Marshall McGurk logo. Tel; 01900 813200

Elm House Farm, Crosby, Maryport, Cumbria, CA15 6SH
Tel: 01900 813200
Mob: 07718 394355
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Flute Care And Maintenance by Steve Marshall


Care should be taken when assembling the instrument. Damage often occurs to instruments during assembly.

Flute joints should be applied inline i.e. not at an angle. Push the parts firmly together with a twist.The joints shouldn't be too tight or too loose.

It should not be a great effort to assemble the instrument. If you are struggling, something is wrong!

After use always return the instrument to the case!


Flute joints should be dry joints.

No grease should be applied to flute joints. Keep them clean and dry.

Joints may require cleaning from time to time. Wiping with a clean cloth is usually enough. If necessary a little warm water on a cloth with a touch of washing up liquid will remove deposits. Make sure the joint is dry before assembly.

Make sure both parts are clean!


Music books and sheets of music should not be stored in instrument cases (unless there is a specific compartment). It can damage the mechanism.

Instrument cases should be secure and in good condition. Clasps, hinges and handles may be oiled occasionally to prolong effective operation.

Cases in poor condition should be repaired or replaced.

Loose objects in the case should be kept to a minimum. Severe damage can be incurred when objects ( rods, sheets of music, oversized handkerchiefs, pencils etc) are compressed against an instrument body when closing the case lid. If you have a handkerchief in your case, make sure it isn't too big making the case difficult to close. Sometimes there isn't room in a case for such things so leave them out!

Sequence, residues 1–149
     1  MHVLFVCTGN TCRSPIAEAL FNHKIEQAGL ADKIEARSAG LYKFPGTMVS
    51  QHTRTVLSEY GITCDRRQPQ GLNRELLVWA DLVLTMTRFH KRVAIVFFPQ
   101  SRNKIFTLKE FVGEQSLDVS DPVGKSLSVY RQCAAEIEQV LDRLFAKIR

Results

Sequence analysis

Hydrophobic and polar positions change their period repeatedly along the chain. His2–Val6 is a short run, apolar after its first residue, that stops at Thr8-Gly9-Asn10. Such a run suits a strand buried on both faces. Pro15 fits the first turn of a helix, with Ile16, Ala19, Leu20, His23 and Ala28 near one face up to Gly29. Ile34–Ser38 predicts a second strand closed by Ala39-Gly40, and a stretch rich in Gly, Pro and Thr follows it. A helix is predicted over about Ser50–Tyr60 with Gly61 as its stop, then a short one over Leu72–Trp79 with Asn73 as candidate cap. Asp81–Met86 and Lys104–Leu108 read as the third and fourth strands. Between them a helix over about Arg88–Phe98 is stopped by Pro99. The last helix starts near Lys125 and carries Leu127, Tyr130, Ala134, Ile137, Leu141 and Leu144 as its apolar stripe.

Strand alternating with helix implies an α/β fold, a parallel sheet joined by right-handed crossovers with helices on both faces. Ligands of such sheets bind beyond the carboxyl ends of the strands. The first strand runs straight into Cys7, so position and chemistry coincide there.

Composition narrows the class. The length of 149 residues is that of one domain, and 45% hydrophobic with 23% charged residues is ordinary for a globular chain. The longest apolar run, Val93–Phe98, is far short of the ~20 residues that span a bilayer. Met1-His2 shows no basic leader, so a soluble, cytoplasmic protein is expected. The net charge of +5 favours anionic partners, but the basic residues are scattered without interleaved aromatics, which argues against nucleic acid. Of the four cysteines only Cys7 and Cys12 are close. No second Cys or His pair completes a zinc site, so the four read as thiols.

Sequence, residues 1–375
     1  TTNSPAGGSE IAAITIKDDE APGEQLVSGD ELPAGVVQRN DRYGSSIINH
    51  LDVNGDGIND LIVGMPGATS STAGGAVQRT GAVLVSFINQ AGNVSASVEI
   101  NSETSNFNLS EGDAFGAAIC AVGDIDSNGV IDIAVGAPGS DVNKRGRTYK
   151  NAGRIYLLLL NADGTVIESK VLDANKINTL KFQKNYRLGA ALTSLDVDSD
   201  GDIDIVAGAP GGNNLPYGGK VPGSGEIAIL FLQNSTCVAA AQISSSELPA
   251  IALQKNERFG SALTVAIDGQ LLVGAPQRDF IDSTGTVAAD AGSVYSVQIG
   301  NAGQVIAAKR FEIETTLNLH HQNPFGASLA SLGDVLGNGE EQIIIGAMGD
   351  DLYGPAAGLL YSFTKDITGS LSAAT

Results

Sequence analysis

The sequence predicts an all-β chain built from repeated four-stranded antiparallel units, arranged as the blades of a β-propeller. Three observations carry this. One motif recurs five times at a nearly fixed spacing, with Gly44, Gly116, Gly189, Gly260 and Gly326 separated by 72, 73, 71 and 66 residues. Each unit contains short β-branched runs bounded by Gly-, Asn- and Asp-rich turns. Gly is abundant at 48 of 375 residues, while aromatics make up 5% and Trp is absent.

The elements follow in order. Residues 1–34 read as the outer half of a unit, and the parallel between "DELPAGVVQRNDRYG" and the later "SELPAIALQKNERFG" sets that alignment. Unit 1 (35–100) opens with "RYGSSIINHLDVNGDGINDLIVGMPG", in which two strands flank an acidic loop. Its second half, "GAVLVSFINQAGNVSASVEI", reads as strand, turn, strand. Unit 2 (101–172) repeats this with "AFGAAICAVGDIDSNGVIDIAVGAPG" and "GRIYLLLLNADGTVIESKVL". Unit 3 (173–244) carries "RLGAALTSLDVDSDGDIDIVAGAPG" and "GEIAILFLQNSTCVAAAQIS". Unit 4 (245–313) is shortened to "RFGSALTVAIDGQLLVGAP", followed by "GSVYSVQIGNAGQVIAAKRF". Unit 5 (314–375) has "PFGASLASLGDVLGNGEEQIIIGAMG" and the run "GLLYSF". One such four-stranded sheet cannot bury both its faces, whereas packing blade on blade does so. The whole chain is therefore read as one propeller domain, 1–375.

Polish should not be applied.
Instrument bodies that are dusty can be brushed down using a previously unused 2" paint brush. (Care should be taken not to dislodge springs).

Silver plated fluTes may be cleaned using a silver polishing cloth. These are impregnated with an anti-tarnish agent. Polish should not be used

bore (Inside the instrument)

Instruments should be swabbed out after use with a lint-free cloth using the cleaning rod. Push one corner through the 'eye' of the rod and twist the remaining cloth around the rod. Insert the rod turning it so that the cloth stays on the rod.

If using a pullthrough ensure new pullthroughs are unfolded fully.

Fluffy wire brushes leave material deposits in the bore and on the surface of pads.


Mechanism should be cleaned after use using a clean lint-free cloth.

Silver plated keywork may be cleaned using a silver polishing cloth. These are impregnated with an anti-tarnish agent. Polish should not be used.


When cleaning a sticky pad, make sure that the pad surface is dry using cigarette papers or Yamaha cleaning paper. N.B. Do not pull the paper through.

Yamaha powder papers can be used to prevent pads from sticking. Apply light pressure to the pad as the paper is pulled through. Puff or blow away excess powder. Graphite may be applied to flute tone hole surfaces as an alternative to help to cure sticking pads.

OILING - mechanism

It is necessary for instrument mechanisms to be oiled like any other machinery. It is usual to have this done by your repairer as part of an annual service.

I would not recommend students to apply oil themselves as some oils can rot corks, cause glued parts to become unstuck and react with some cork greases to solidify.

MARSHALL McGURK, Elm House Farm, Crosby, Maryport, Cumbria, CA15 6SH
Phone: 01900 813200

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